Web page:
The tiny violin was next, and oh, the joy I knew playing it was matched only by that of the cello, whose appearance later made me rejoice. But the violin! Such strength it could have! I was quickly rewarded in my lessons by the resonance of its sound, which seemed almost too great for its wooden frame; as my ability with it grew, so did my repetoire. Arcangelo Corelli had appeared in Italy, and from him came the most fanciful of melodies, which at first threatened to break either the strings or my fingers, but soon could be learned in an evening. There were delightful sonatas, little concertos for which I requisitioned the skills of the minstrels who occasionally joined us; but the piece in which I found the most joy was rooted in a time far older than this. Corelli and others had taken to writing variations on a theme known only as "La Folia;" melancholy and powerful even in its simplicity, it was, and I spent many nights myself playing with its possibilities.

With music I found joy unparalleled; it was with the living, however, that my life was found. Not a night passed that I did not feed, and though I quickly became adept at hiding my traces, the fatalities soon mounted to a number neither my father nor I could explain. And Deirdre also had to drink, though not as often. It would soon be impossible to find others in this house, she explained; we had depleted them to the point that all were suspicious, frightened; they had taken to barring their doors at night, decorating them with crosses and pungeant garlic blossoms.

This was a most unpleasant development, for it meant that Deirdre and I would soon have to leave, and find our victims elsewhere. If only that thirst could be denied, but it was too strong, and too demanding. Every night it called out to us, sending deliberate images of the rich darkness of blood, and the ecstasy we knew while we took it. And ecstasy it was indeed! It was the only pleasure we could have, in the world of the living; it throbbed and made us moan, and filled us with the heavy warmth of life, that which we could never realize without it.

So, one night, under cover of the darkness of the new moon, Deirdre and I left my father's house, taking with us only what could be carried: my violin, carefully clasped to my breast in its shining case, some gold coins that our victims had horded until their deaths, and clothing, as drab and anonymous as we would have to be. I could not bid my father adieu, much as I had wished to: his suspicions had been slow to arouse, but I did not wish to meet their wrath once I provided them with substance. He had lost others in his life; he could bear the loss of a son he scarcely knew.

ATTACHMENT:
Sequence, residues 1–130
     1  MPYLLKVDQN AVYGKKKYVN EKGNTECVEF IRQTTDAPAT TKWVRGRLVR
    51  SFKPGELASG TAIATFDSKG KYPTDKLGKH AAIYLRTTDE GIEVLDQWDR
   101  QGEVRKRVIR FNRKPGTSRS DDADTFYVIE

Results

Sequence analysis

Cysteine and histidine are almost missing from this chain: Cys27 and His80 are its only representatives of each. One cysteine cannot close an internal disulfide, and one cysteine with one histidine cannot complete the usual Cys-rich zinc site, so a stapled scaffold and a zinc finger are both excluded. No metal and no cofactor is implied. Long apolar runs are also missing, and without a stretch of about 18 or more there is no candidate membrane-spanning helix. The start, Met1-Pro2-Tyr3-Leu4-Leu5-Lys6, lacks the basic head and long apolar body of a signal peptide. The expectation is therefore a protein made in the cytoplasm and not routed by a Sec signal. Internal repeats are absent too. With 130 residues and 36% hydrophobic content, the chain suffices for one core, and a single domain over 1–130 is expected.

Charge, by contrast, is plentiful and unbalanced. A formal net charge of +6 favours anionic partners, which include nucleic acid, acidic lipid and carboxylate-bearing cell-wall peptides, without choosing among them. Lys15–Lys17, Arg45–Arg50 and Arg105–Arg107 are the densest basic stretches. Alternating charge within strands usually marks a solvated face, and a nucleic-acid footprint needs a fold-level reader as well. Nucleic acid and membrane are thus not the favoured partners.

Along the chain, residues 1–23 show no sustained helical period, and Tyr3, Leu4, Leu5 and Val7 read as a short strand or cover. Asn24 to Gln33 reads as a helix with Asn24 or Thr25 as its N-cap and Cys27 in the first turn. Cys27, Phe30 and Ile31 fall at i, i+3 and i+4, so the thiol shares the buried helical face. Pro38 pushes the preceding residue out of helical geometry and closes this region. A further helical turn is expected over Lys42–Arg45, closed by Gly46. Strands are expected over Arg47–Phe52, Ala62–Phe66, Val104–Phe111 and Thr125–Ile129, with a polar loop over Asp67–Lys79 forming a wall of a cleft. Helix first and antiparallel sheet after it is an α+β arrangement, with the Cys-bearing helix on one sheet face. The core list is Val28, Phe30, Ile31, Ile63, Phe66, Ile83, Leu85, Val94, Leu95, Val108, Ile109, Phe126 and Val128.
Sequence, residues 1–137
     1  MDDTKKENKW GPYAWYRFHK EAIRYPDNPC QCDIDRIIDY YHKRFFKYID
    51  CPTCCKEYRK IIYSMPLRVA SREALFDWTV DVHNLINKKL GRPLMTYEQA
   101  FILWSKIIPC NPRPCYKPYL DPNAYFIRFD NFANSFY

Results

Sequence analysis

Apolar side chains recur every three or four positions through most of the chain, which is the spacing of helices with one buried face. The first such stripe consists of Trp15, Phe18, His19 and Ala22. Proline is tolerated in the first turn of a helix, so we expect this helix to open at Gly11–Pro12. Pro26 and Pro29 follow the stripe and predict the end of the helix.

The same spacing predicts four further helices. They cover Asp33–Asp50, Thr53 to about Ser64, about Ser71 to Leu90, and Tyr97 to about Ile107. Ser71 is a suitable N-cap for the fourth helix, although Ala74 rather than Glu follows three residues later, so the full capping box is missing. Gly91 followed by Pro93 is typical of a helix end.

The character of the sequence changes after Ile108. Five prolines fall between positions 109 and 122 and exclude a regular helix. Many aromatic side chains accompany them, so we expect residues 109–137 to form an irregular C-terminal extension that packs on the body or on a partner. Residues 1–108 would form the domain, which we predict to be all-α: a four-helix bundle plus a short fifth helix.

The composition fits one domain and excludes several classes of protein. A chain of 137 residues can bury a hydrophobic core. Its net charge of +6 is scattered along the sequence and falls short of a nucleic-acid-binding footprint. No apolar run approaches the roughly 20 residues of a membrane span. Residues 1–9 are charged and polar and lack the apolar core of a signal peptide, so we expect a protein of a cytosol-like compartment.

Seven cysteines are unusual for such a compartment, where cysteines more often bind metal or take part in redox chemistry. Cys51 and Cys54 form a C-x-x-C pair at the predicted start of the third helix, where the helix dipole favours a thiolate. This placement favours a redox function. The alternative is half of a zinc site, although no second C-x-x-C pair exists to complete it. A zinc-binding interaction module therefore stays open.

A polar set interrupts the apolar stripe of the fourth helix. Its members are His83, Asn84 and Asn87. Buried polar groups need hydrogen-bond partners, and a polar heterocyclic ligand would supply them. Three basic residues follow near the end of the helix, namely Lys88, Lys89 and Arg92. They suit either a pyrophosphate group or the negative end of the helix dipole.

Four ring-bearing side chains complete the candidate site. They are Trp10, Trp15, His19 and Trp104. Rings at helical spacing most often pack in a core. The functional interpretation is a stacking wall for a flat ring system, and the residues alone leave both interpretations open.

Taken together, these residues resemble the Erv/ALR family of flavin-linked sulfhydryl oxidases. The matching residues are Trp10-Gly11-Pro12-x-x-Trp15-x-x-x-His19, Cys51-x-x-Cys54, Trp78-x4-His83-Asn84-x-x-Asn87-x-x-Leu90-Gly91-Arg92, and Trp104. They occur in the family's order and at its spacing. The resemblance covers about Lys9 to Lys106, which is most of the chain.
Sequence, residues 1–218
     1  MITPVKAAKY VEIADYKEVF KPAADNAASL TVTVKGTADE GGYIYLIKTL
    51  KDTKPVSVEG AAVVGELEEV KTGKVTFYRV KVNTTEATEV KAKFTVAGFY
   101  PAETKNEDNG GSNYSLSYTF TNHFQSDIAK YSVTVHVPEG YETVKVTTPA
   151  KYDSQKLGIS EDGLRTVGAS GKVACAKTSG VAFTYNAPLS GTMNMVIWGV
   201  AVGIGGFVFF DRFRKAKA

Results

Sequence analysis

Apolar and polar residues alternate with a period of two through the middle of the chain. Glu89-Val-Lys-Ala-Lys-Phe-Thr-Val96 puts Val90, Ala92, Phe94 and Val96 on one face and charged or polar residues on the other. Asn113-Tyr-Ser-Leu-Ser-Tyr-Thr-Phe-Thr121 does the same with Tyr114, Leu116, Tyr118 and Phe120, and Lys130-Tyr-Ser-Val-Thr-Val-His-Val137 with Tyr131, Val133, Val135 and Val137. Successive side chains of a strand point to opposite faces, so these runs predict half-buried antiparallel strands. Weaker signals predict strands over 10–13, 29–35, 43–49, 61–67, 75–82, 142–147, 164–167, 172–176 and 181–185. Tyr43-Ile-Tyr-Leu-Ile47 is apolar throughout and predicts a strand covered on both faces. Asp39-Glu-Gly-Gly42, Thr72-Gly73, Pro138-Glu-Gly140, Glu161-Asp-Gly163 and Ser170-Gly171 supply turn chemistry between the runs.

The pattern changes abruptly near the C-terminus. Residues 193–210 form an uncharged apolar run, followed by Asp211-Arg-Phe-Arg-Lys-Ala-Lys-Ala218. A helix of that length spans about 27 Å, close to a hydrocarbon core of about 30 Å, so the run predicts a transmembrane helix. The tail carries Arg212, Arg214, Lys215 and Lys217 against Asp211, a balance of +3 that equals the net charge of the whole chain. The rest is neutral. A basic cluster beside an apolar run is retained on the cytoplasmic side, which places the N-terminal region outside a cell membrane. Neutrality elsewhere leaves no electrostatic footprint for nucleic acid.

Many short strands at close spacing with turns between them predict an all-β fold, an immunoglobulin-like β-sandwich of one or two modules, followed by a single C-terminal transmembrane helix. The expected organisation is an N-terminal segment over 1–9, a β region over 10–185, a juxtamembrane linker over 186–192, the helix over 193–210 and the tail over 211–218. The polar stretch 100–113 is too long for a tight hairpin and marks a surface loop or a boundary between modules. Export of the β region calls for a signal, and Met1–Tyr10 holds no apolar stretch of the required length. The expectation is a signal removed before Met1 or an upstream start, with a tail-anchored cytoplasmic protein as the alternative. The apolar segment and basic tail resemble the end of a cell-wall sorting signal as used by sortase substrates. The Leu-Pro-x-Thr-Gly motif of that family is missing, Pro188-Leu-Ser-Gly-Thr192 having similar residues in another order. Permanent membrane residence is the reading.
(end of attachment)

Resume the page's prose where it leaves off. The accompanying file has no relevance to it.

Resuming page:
We walked with the swiftness of the Undead, leading the horses for some miles until at last we reached the true country, and could ride without fear of recognition. Then we rode with silver speed, the cloudy darkness giving us an eerie, preternatural glow, reflections of the cold light dancing on the animals. When we passed farmhouses, burdened in the night by the weary minds of their occupants, dogs howled and shrieked after us, fear of death striking their instincts and their minds.

After hours that passed by with speeds greater even than our own, Deirdre bade me look to the east, where the sky was brightening with the promise of morning, daylight. Then we pushed the horses into a strenuous run, heard their pounding hooves strike the earth with relentless strength and mad, frenzied excitement. There was no escape for us from the cruel light of the sun; our mounts seemed to know it, and ran for us.

In scant minutes, we reached a dilapidated inn, and, shouting for the stablehands to tend to the animals, we scurried inside, missing by moments the glare of the morning sun. Though its keeper looked at us strangely, he honoured our request for a room, even at this time of day. God only knows what he thought we were up to -- but any mortal could no doubt guess.

To the lightless room we went, and, heedless of the mouldy straw and battered bedclothes, we sank into our deathly sleep. Only this day, unlike all the others, I dreamed.

I stood in the threshold of an arched doorway, my arms spread to touch its sides, my dark cloak vaguely billowing behind me. The room was dark but for a square of light. What it shone on was a bed, white and serene in the gentle illumination. I grinned, my dagger teeth flashing in its reflection. There would be no escape for the one who slept, I thought with a wicked smile, and advanced swiftly and silently towards her.

Sheets of white linen enfolded my prey, whose auburn hair was the only visible human feature. Even though she was covered, I could see her figure, lithe and slender, curled up like a child in her slumber. I knelt down on the bed next to her, to draw back the covers and expose her living body to me, and her blood that rushed through the veins. I sighed with excitement at her pure, pale skin, and then she turned to face me.